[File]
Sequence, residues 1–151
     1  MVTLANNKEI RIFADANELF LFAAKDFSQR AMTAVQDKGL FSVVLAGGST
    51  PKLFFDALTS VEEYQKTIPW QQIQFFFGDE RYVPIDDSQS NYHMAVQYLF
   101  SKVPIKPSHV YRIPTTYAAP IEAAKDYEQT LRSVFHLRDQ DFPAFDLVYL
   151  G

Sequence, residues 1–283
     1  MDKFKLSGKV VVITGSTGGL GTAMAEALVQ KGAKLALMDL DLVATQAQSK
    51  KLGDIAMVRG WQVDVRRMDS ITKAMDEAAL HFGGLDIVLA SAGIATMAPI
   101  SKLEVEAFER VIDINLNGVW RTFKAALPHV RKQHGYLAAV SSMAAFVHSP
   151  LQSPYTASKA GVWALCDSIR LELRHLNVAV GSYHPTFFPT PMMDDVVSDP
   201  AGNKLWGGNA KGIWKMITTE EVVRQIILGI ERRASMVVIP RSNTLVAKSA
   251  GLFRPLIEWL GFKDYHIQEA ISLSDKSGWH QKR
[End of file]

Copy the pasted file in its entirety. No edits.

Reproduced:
Sequence, residues 1–151
     1  MVTLANNKEI RIFADANELF LFAAKDFSQR AMTAVQDKGL FSVVLAGGST
    51  PKLFFDALTS VEEYQKTIPW QQIQFFFGDE RYVPIDDSQS NYHMAVQYLF
   101  SKVPIKPSHV YRIPTTYAAP IEAAKDYEQT LRSVFHLRDQ DFPAFDLVYL
   151  G

Sequence, residues 1–283
     1  MDKFKLSGKV VVITGSTGGL GTAMAEALVQ KGAKLALMDL DLVATQAQSK
    51  KLGDIAMVRG WQVDVRRMDS ITKAMDEAAL HFGGLDIVLA SAGIATMAPI
   101  SKLEVEAFER VIDINLNGVW RTFKAALPHV RKQHGYLAAV SSMAAFVHSP
   151  LQSPYTASKA GVWALCDSIR LELRHLNVAV GSYHPTFFPT PMMDDVVSDP
   201  AGNKLWGGNA KGIWKMITTE EVVRQIILGI ERRASMVVIP RSNTLVAKSA
   251  GLFRPLIEWL GFKDYHIQEA ISLSDKSGWH QKR